Teachers' perceptions of non-nationals in Durban schools: negotiating past and present ideologies

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dc.contributor.author Hunter, Joanne
dc.date.accessioned 2009-11-12T11:52:42Z
dc.date.available 2009-11-12T11:52:42Z
dc.date.issued 2009-11-12T11:52:42Z
dc.identifier.uri http://hdl.handle.net/10539/7439
dc.description.abstract ABSTRACT This study investigated teachers’ perceptions of non-national students. It consisted of semi-structured one-hour interviews with fifty Durban teachers of non-nationals. Perceptions of non-nationals were always relative to perceptions of South African students. I argue that teachers are using apartheid educational values to explain and promote non-national students’ performances in the classroom, while emphasising and essentialising South African students’ shortcomings. I explain this in terms of the new South African educational curriculum. This curriculum, while having undergone a radical shift in spirit, is not giving adequate attention to the environment and challenges that teachers face. These challenges are not addressed in an idealised and overly optimistic view of students. Moreover, the curriculum does not adequately help teachers to explain the impact of economic and social inequalities without resorting to racist justifications. en_US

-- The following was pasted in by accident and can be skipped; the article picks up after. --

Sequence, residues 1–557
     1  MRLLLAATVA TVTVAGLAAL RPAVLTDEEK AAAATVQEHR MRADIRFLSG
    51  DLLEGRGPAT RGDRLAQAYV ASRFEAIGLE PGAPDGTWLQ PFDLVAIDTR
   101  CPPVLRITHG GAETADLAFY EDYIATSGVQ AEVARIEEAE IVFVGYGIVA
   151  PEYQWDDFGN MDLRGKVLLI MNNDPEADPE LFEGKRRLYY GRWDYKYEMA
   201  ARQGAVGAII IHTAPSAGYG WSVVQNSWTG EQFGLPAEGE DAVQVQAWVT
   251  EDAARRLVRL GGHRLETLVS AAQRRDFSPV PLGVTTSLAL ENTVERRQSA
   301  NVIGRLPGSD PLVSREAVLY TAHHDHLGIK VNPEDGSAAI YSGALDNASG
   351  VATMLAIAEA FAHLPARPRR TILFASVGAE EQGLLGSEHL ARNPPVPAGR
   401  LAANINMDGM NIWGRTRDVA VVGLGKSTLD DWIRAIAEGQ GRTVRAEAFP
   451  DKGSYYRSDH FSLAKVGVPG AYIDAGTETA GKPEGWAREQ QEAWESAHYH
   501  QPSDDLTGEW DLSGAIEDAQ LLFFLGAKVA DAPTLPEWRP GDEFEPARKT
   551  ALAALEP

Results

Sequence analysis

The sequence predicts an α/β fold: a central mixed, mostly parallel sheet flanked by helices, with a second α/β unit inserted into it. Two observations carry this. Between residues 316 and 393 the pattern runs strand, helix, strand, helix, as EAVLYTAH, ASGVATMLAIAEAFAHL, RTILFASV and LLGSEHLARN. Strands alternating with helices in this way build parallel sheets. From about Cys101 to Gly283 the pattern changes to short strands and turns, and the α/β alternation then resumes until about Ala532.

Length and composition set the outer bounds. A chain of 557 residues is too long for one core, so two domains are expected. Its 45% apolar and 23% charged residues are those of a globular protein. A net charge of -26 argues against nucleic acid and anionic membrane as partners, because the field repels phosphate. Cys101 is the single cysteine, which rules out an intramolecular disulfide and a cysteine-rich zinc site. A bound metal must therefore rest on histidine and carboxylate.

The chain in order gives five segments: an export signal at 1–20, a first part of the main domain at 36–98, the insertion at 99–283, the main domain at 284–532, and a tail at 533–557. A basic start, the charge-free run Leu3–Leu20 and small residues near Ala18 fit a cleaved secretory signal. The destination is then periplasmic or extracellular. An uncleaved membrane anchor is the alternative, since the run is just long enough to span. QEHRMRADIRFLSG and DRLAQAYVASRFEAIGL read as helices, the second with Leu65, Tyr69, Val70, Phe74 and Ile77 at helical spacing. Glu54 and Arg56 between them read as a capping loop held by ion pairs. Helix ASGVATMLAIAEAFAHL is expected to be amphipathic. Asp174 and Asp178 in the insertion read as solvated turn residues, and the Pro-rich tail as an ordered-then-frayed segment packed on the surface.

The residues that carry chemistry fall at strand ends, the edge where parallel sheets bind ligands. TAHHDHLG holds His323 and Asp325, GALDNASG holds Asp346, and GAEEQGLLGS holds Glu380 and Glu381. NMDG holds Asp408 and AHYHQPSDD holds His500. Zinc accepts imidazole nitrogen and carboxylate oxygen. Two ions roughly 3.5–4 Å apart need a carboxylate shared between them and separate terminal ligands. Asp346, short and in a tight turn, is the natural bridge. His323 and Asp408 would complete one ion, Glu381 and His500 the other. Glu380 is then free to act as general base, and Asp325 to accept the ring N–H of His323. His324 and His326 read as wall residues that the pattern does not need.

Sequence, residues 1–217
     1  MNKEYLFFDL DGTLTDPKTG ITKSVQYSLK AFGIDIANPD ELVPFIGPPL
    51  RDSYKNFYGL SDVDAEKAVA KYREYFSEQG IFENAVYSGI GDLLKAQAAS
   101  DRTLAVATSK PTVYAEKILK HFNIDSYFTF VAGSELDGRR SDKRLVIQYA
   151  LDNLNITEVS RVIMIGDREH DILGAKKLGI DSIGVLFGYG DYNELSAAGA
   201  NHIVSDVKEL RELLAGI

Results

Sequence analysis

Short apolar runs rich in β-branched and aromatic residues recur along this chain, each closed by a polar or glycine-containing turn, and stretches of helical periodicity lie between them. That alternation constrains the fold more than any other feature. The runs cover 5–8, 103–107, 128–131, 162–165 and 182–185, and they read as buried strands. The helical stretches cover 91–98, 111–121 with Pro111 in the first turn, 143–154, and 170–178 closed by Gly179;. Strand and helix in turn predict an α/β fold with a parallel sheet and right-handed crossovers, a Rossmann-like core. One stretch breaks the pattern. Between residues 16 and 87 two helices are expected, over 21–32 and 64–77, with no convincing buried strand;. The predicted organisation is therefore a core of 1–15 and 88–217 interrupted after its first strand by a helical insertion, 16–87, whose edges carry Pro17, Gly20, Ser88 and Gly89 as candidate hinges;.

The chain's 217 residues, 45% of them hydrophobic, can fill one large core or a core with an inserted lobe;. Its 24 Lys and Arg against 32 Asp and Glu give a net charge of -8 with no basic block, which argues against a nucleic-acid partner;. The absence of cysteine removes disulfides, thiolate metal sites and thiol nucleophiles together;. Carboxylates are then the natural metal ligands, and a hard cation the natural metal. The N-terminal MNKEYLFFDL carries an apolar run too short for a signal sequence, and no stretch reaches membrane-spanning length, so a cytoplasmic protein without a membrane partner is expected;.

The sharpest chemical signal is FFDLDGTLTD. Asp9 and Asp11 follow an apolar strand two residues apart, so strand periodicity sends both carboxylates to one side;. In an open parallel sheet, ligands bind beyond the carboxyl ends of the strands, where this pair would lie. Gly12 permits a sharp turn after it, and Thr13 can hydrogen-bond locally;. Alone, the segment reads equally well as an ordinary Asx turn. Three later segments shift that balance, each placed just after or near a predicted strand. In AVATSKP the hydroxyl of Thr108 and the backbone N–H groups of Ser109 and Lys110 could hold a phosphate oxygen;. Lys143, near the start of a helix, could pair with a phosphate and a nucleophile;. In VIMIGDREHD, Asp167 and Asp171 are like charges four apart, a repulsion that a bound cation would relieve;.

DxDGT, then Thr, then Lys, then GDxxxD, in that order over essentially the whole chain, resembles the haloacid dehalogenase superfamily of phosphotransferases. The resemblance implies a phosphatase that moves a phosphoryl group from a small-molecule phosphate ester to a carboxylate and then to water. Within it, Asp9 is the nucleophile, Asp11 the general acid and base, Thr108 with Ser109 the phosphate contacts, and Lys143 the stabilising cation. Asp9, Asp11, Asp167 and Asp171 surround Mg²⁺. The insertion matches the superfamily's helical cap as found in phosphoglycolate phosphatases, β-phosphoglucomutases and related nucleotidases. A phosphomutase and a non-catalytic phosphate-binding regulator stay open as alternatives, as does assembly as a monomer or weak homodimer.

dc.language.iso en en_US
dc.title Teachers' perceptions of non-nationals in Durban schools: negotiating past and present ideologies en_US
dc.type Thesis en_US


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